Officials and experts say tracing apps aren’t a magic bullet against the virus but can aid time-consuming manual contact tracing efforts.
Professor Arnaud Fontanet, epidemiologist at the Paris Pasteur Institute and a member of the scientific committee advising French President Emmanuel Macron, said the app is “a tool, not a revolutionary one, but a useful tool.”
TraceTogether’s app launch comes as concerns over privacy and intrusive surveillance are rising as governments try to curb the pandemic.
France and other countries have set up teams to interview people who have tested positive about their contacts. But the tracers will likely miss strangers, so the app may prove useful especially “in circumstances where you’re going to stand next to someone who is infected, without knowing, for quite a long period of time,” such as on public transportation and in restaurants, Fontanet said.
Other countries around Europe have been scrambling to build their apps, often using the Google-Apple system. The reliance on the tech giants for a more private system is an ironic turn of events after the European Union called them out repeatedly in recent years for not protecting data privacy sufficiently.
Italy’s Immuni app, based on the Google-Apple system, was available to download starting Monday, and will undergo testing initially in parts of the country less affected by coronavirus next week before being rolled out nationwide. Authorities say at least 60% of Italy’s 60 million population will need to use it for it to be effective.
Switzerland started a pilot test of its SwissCovid app last week, to last until mid-June, when the government is expected to introduce legislation covering the app.
Germany hired software company SAP and wireless carrier Deutsche Telekom to build its decentralized “Corona-Warn-App. " Developers say the app’s “data will be stored locally on each device, preventing access and control over data by authorities or anyone else.”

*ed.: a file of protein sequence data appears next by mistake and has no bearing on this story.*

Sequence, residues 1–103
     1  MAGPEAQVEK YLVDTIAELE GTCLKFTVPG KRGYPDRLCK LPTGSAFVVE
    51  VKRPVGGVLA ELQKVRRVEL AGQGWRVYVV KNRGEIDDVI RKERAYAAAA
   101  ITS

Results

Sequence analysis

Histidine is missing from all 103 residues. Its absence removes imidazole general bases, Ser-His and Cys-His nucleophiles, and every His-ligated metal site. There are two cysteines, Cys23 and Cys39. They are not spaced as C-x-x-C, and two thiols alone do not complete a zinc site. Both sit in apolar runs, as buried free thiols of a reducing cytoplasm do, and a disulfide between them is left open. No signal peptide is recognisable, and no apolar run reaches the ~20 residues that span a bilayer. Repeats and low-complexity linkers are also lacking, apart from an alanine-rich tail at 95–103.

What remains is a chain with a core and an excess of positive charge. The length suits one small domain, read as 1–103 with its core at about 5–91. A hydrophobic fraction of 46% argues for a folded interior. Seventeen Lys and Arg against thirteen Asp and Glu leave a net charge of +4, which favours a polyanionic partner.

Britain launched a massive countrywide “track and trace” program on Friday, including 25,000 human contact tracers, but its tracing app, which is being tested, isn’t ready and it’s unclear when it will be launched.
As more states reopen, an army of contact tracers will have to be enlisted to join the effort to stop the coronavirus.
The European apps are voluntary, to encourage people to use them. If the app is mandatory, “people will definitely not use it,” said Ingmars Pukis, a vice president at Latvian wireless carrier LMT, which helped developed the country’s tracing app, released Friday and also based on the Google-Apple standard.
EPFL, the Swiss research institute that helped develop SwissCovid, said that with other European countries building apps based on the same decentralized protocol, it should enable different systems to work with each other when users travel.
But that leaves out the British and French systems.
The French government’s technology choice means the French app is not compatible with foreign ones. O suggested that cross-border commuters and travelers will have to work around the problem by downloading their destination country’s app.